The media is both a window into, and a shaper of the ideologies and behaviours of society. Through it, we can catch glimpses of society’s future trajectories. 

Working with actors from the social, political and research spheres as part of the EUARENAS project, we have conducted a snapshot analysis of contemporary media discourses from across Europe. These insights have provided us with an understanding of current issues within society and we have used these to begin hypothesising about the future of our democracies. 

From this initial work, we would like to pose three core questions that we feel are relevant to policy makers, researchers and civil society actors working in the domain of deliberative and participatory democracies: 

  1. How do we mobilise people to be a part of creating the change they want to see and move from talk to action?
  2. How do inequalities and structural issues impact on how our democracies work and who is included in them?
  3. How do we work with differing priorities between different people, organisations and countries in ways that make useful progress on issues?

A short insight briefing titled ‘Future challenges and opportunities for democracy across Europe: An initial exploration of signals and drivers of change’ from this preliminary work on the project has been produced. In 2022, we will be unpicking these questions further as part of a conference in Italy… watch this space for further details.


We Are With You provides addiction recovery services in the South West of England. People’s Voice Media have been working with Manchester Metropolitan University on the service’s Social Impact Bond (SIB) evaluation, using Community Reporting methodologies to gather rich, qualitative understandings of the both the lives and experience of those who access and work in the service. These stories provide insights into people’s worlds and how they relate to the service, as well as helping to illustrate the findings from other evaluation activities, provide stimuli for on-going learning and development and involve people involved with the service in meaningful and transparent ways in the evaluation process. 

During the COVID-19 pandemic, some of the work on the project had to be suspended or was conducted remotely. However, as restrictions eased in latter 2021, we conducted more in-person story gathering activities, working directly with people accessing addiction recovery support services. Through their stories, these people have raised several key findings around accessing addiction recovery services in Cornwall including:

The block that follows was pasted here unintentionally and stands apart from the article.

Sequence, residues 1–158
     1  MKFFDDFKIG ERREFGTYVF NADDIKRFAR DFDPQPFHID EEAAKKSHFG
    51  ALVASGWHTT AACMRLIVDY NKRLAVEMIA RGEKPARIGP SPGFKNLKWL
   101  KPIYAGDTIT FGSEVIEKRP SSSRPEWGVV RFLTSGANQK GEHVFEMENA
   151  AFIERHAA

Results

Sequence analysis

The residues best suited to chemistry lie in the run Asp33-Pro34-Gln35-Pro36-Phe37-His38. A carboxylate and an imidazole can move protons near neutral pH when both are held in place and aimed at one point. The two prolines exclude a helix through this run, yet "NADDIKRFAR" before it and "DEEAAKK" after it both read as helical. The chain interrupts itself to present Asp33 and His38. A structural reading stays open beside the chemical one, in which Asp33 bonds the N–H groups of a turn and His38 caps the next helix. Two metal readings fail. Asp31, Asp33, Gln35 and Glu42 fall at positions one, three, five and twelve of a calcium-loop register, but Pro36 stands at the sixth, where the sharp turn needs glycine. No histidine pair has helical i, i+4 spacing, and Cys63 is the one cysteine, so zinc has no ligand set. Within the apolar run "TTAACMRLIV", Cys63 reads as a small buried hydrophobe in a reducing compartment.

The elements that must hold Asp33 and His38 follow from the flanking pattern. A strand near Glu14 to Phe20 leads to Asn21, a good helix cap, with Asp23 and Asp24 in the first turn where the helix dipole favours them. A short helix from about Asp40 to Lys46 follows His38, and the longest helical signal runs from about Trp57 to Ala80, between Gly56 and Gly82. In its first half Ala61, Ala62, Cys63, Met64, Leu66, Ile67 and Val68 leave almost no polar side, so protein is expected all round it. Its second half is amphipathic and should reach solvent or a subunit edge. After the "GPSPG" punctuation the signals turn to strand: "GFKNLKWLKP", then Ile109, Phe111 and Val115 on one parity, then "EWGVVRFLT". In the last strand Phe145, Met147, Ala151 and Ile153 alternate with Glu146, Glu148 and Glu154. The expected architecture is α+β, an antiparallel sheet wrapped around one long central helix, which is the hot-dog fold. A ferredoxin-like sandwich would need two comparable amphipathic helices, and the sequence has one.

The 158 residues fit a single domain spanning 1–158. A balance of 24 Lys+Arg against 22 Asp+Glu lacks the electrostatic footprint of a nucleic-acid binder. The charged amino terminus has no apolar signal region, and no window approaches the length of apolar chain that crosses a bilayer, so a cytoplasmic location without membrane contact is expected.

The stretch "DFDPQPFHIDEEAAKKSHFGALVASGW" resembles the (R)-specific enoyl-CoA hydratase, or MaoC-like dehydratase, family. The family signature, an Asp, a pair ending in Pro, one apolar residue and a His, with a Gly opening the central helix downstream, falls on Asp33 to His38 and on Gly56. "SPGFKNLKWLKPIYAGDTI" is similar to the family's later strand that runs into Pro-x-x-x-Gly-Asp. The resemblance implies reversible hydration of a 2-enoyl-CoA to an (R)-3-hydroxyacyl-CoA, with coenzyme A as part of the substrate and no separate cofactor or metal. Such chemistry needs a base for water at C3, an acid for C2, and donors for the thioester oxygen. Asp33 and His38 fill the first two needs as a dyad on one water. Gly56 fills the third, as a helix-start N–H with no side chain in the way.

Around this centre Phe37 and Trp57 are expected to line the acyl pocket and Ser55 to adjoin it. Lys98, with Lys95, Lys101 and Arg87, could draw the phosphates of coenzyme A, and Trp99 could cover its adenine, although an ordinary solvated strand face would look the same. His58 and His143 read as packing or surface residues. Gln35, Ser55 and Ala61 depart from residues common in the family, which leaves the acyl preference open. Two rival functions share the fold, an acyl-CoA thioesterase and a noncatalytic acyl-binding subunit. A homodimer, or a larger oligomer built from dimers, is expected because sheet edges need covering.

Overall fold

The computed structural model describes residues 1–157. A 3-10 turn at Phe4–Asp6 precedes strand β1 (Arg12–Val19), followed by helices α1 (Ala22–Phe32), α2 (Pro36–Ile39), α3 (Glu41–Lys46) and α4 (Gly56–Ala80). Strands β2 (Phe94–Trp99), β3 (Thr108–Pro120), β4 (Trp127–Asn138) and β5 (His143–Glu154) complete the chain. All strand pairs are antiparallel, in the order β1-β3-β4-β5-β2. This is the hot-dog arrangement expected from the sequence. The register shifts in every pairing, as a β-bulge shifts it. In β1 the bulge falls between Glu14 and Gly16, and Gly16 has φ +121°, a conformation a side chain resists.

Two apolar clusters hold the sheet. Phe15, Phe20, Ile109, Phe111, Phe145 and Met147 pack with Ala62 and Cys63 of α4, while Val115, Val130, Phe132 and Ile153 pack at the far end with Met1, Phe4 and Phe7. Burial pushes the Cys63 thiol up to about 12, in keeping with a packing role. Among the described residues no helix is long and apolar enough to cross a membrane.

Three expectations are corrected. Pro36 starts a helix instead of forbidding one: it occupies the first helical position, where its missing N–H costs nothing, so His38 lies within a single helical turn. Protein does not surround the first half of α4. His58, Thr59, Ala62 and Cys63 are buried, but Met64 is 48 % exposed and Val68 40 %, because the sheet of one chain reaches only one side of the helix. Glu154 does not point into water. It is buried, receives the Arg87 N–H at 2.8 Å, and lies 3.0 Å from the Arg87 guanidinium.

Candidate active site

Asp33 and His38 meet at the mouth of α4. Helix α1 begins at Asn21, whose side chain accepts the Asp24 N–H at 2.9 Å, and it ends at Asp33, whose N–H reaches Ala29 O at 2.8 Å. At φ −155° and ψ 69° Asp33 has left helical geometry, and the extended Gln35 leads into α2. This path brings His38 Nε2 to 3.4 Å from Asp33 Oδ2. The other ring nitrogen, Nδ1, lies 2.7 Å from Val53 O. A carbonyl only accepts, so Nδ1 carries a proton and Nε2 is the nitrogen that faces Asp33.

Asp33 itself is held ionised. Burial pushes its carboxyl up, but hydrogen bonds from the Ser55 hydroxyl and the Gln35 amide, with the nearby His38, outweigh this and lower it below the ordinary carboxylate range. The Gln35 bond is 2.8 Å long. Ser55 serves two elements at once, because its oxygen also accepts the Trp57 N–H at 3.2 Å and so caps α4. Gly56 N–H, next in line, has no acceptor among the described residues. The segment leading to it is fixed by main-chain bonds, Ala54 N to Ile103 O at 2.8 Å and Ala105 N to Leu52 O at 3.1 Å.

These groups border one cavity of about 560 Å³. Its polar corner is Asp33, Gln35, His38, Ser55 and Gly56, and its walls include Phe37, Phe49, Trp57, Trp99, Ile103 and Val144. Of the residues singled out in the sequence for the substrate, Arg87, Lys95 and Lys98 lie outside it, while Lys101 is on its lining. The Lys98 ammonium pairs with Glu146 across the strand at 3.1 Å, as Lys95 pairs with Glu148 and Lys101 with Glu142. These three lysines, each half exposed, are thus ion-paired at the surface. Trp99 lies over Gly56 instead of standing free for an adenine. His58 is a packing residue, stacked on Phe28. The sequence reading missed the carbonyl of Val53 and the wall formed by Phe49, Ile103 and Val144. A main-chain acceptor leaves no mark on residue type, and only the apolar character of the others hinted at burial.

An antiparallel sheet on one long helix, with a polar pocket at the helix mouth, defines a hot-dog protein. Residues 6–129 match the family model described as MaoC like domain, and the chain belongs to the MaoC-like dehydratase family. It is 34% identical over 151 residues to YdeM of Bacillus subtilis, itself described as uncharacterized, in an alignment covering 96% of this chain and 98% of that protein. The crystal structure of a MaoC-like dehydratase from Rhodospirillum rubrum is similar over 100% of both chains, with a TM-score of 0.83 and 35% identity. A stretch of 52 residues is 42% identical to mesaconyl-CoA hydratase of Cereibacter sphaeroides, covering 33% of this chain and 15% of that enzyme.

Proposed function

• Isolation – Isolation is often part of addiction, but it makes the recovery process much more difficult. The COVID-19 pandemic has made isolation worse for many (although for others it has made little difference). Isolation has no place in recovery and more care needs to be taken that people are not isolated at this stage.
  • Lived experience – Lived experience is highly valued by those accessing recovery services and there is a general point of view that support workers with lived experience of addiction and recovery provide the best service. Possibly there could be more done to assist people who use recovery services to volunteer and then work with them, if that is the path they wish to follow. 
  • Imbalanced services – While We Are With You is praised in the stories gathered, other services are not. This results in We Are With You doing a lot of the ‘heavy lifting’ in the local area and picking up work that should be handled by other services (e.g. contacting relatives to let them know their loved ones are in hospital). Some of the services accessed by people also fail to offer a person-centred approach, resulting in a lack of empathy in services which is traumatic to those who use them.

All of these findings will help to involve people in a meaningful way during the evaluation process, but at People’s Voice Media, we were particularly gratified to see such importance placed on lived experience by people accessing recovery services and we have a more detailed feature article on this on the Community Reporter website.


Longford Park in Stretford, Greater Manchester, is the largest municipal park in Trafford. Dating back to 1857, when it formed the Rylands estate, it became a public park in the early 20th century and is home to many heritage features. It is currently the focus of a Stage 1 heritage project looking at who currently uses Longford Park (and who doesn’t), how it is currently used and why, how it could be used in the future, and other audience development topics.

As part of this wider project, People’s Voice Media worked with City of Trees to use Community Reporting as a tool for gathering the stories of people who live and/or work in Trafford about how they use (or, indeed, don’t use) green spaces. The stories have highlighted that Longford Park is a well-loved park by those who use it, but that there is room for improvement and that perhaps more could be done to attract newcomers. On the basis of the stories gathered for this project, we made the following findings:

  • Improvements are needed for both infrastructure and facilities: This includes ensuring flooding issues are permanently resolved, carparks are resurfaced with potholes filled in, providing better toilet facilities, increasing the lighting capacity and adding more bins. This is investment in the long-term future of the park and could make it more attractive as a visitor destination.
  • More could be made of the park’s many spaces: While people generally like the park’s flexible spaces and amenities, people would like to see more made of this. Regular public events would attract visitors, and could also raise funds for the park. Amenities such as a pump track and/or expanded play area would attract young people who currently go to other parks to use these.
  • Longford Park’s status as a natural beauty spot could be bolstered: Many people visit Longford Park to enjoy being in nature. However, people feel more could be done to allow others to see the value in this. The gardens could be tended to more, with more flowerbeds and colour, while other areas could be rewilded. These spaces would, overall, need less maintenance, thus improving the ecosystem of the park while reducing costs.